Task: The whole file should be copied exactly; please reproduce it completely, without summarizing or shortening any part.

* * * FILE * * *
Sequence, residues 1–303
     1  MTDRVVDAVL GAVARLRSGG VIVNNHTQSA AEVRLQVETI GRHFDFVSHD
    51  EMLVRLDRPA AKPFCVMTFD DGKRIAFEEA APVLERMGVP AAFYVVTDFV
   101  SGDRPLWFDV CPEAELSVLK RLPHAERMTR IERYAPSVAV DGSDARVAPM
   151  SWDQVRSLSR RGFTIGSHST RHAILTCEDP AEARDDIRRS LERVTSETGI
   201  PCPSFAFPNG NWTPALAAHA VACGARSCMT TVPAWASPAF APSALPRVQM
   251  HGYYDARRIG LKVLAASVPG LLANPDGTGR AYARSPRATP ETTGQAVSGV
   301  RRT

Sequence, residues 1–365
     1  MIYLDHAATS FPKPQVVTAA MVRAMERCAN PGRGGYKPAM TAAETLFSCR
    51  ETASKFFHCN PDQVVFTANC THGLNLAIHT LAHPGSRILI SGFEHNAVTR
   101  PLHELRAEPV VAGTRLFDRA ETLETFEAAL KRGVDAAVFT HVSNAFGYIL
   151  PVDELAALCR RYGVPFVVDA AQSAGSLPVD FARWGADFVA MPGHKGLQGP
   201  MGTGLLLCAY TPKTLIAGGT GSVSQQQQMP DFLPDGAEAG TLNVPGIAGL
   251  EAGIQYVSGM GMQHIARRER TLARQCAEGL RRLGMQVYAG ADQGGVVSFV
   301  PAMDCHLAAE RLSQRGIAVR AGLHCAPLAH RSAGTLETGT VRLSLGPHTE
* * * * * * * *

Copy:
Sequence, residues 1–303
     1  MTDRVVDAVL GAVARLRSGG VIVNNHTQSA AEVRLQVETI GRHFDFVSHD
    51  EMLVRLDRPA AKPFCVMTFD DGKRIAFEEA APVLERMGVP AAFYVVTDFV
   101  SGDRPLWFDV CPEAELSVLK RLPHAERMTR IERYAPSVAV DGSDARVAPM
   151  SWDQVRSLSR RGFTIGSHST RHAILTCEDP AEARDDIRRS LERVTSETGI
   201  PCPSFAFPNG NWTPALAAHA VACGARSCMT TVPAWASPAF APSALPRVQM
   251  HGYYDARRIG LKVLAASVPG LLANPDGTGR AYARSPRATP ETTGQAVSGV
   301  RRT

Sequence, residues 1–365
     1  MIYLDHAATS FPKPQVVTAA MVRAMERCAN PGRGGYKPAM TAAETLFSCR
    51  ETASKFFHCN PDQVVFTANC THGLNLAIHT LAHPGSRILI SGFEHNAVTR
   101  PLHELRAEPV VAGTRLFDRA ETLETFEAAL KRGVDAAVFT HVSNAFGYIL
   151  PVDELAALCR RYGVPFVVDA AQSAGSLPVD FARWGADFVA MPGHKGLQGP
   201  MGTGLLLCAY TPKTLIAGGT GSVSQQQQMP DFLPDGAEAG TLNVPGIAGL
   251  EAGIQYVSGM GMQHIARRER TLARQCAEGL RRLGMQVYAG ADQGGVVSFV
   301  PAMDCHLAAE RLSQRGIAVR AGLHCAPLAH RSAGTLETGT VRLSLGPHTE